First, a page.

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Indian Canadian Biologist Sangita Iyer Fights For Elephants

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Indian Canadian Biologist Sangita Iyer Fights For Elephants

NEW DELHI, (IANS) – With only 40,000 Asian elephants remaining worldwide, and 60 percent of them in India, biologist and conservationist Sangita Iyer is leading efforts to save these endangered creatures in their last stronghold. Based in Canada, Iyer recently joined Conservative MP Henry Smith in addressing the UK Parliament, urging Indian authorities to take urgent action against the alarming causes of elephant deaths, including electrocution, poaching, and habitat loss.

Together, they are collaborating with lawmakers, business leaders, and celebrities to mobilize support and protect these vital champions of the natural climate before it’s too late. With just 27,000 elephants left in India, the preservation of their last bastion is crucial for the survival of the species. Iyer, the founder of Voice for Asian Elephants Society established in 2016, is dedicated to safeguarding both wild and captive elephants in India.

During her presentation to the UK Parliament, Iyer emphasized that the threats faced by endangered Asian elephants in India have reached a crisis point, with an alarming rate of killings. She also referred to the state of Odisha as the “largest elephant graveyard.” Over the past ten years, nearly 1,200 elephants have been killed across India, and within the last three years, 245 of them have lost their lives in Odisha, where mining activities are rampant.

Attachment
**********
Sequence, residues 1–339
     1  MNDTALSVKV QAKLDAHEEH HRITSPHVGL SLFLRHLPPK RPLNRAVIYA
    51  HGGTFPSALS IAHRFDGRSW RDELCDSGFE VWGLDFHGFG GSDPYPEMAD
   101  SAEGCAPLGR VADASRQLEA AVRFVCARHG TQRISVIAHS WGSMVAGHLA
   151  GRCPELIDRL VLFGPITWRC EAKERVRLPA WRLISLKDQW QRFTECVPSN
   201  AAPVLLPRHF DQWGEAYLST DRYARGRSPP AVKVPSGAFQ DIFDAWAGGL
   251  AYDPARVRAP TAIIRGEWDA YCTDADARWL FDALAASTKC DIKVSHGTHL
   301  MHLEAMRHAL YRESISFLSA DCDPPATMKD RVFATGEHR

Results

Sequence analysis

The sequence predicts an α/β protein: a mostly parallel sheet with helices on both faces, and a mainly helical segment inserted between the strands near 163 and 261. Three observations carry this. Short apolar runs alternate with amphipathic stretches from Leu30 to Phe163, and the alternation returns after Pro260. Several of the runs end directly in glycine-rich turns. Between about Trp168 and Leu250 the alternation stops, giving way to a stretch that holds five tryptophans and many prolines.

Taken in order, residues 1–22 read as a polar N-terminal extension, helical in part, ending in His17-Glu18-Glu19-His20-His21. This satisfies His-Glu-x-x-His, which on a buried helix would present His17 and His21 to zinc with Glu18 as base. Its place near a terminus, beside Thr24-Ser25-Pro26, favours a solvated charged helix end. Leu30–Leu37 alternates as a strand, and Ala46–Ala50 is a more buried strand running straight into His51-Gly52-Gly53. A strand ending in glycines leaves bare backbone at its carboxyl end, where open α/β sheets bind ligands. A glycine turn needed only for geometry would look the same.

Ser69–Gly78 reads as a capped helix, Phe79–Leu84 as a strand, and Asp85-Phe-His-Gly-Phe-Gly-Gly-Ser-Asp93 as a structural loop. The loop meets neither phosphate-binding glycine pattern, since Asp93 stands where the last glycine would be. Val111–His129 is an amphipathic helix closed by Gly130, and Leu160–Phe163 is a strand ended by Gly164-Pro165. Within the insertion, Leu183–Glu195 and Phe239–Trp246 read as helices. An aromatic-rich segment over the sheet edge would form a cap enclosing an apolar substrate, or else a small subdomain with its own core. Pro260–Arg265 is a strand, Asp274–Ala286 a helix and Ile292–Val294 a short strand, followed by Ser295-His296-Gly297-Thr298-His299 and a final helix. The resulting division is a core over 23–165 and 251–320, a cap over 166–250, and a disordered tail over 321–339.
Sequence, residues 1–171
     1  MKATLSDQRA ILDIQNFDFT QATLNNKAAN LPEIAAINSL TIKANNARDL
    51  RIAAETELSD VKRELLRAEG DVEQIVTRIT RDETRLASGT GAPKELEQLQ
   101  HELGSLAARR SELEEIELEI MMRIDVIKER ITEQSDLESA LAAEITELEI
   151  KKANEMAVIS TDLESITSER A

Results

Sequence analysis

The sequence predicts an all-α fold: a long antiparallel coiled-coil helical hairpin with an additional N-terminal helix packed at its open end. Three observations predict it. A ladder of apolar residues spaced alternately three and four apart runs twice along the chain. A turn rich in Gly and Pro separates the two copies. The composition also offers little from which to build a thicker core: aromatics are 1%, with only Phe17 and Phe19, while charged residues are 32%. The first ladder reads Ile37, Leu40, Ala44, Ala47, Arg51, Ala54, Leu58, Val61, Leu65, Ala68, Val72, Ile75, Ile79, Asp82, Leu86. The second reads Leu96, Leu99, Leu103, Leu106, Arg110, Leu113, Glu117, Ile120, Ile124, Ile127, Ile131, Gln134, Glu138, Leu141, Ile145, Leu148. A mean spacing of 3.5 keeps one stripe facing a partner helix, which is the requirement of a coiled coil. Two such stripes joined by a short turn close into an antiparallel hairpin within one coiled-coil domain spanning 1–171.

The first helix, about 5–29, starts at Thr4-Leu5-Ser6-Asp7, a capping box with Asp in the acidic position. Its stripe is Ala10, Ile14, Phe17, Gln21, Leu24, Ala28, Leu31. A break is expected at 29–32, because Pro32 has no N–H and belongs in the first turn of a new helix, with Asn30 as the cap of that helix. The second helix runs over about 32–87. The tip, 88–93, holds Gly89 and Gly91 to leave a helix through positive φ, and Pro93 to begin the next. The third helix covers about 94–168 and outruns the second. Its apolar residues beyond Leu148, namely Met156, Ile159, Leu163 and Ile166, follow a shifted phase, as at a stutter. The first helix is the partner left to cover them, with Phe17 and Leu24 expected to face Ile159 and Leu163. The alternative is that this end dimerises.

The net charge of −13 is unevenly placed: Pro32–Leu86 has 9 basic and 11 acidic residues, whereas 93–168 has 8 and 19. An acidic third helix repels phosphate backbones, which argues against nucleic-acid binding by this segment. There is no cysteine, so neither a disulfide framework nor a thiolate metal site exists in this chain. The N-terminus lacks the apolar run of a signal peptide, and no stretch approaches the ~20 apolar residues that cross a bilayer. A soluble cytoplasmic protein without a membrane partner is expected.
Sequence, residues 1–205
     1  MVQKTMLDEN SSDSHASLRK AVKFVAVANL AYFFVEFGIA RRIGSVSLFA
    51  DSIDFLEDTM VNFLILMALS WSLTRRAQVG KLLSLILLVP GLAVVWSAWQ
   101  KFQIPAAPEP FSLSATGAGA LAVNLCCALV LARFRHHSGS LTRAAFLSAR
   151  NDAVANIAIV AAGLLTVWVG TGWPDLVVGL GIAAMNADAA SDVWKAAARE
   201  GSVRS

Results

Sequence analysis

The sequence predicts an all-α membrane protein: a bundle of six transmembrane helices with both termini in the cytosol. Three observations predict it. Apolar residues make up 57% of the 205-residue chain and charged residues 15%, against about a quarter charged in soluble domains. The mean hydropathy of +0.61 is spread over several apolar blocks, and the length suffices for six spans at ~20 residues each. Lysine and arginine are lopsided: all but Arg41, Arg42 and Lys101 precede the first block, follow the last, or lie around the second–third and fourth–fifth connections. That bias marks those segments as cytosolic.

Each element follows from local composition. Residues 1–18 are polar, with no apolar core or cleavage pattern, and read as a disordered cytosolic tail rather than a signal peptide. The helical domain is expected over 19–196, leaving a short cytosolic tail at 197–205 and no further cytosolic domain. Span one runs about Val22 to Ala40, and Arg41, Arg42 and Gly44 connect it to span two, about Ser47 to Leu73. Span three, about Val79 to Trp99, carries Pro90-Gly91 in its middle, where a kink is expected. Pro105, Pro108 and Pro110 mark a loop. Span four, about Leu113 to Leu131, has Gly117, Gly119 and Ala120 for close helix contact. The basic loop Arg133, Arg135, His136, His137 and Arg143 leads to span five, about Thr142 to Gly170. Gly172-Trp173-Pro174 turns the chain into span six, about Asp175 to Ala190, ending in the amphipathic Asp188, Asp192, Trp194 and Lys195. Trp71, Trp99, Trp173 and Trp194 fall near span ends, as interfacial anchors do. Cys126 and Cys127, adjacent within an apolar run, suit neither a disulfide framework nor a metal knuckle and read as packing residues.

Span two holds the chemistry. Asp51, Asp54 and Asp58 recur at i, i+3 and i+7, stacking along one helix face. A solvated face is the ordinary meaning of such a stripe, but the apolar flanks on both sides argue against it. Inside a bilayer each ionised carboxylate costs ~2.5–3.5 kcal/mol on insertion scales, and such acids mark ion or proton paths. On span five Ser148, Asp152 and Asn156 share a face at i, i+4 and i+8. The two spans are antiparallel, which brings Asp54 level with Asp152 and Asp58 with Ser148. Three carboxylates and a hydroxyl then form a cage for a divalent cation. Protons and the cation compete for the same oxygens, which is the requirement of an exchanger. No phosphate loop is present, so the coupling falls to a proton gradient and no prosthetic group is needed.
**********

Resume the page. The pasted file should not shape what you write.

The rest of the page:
Reckless development, including mining, electrocution, railways, roadways, and agriculture, has already consumed 80 percent of the elephants’ habitats. The rise in forest fires, often ignited by arsonists and poachers to ensnare wildlife, further exacerbates their plight. Iyer voiced her concerns to top politicians, stating, “The plight of India’s heritage animal, the elephant, is soul-ravaging. Electrocution deaths tarnish India’s global reputation… Odisha mining companies are destroying forests and polluting lakes and rivers. Twenty-six endangered Asian elephants have been electrocuted in the last three years.”

“Why should the world care? Elephants are climate mitigators. Climate change affects every nation. What happens in India will have global repercussions,” she stated. Iyer further highlighted the interconnectedness of nations, emphasizing that while countries may have borders, climate change knows no boundaries. In her media note, she warned that recent amendments to the Wildlife Protection Act could lead to increased elephant captures, liberalized exploitation, and worsen the situation.

An International Monetary Fund study underscores the critical role of elephants in mitigating climate change, calculating the monetary and ecological value of one African forest elephant at $1.75 million in terms of carbon sequestration. Iyer stressed the urgent need for the world to pay attention to the ecological devastation unfolding in India, a country that houses 18 percent of the global human population. She stated in one of her tweets, “Every nation is interconnected, and India’s plight affects us all.”

As part of her recent initiative for elephant conservation, Iyer acquired a four-acre plot in Kerala’s Nilambur region dedicated to “re-wilding” and establishing a safe passage for over 340 elephants. Her award-winning documentary and book, ‘Go in Shackles,’ shed light on the exploitation of caparisoned temple elephants in Kerala for profit under the guise of religion. The documentary, released in 2016, received a nomination at the UN General Assembly and was featured at the International Film Festival of India.

Recognized as a National Geographic explorer, Iyer has produced a 26-part short documentary series about Asian elephants, supported by the National Geographic Society storytelling award.

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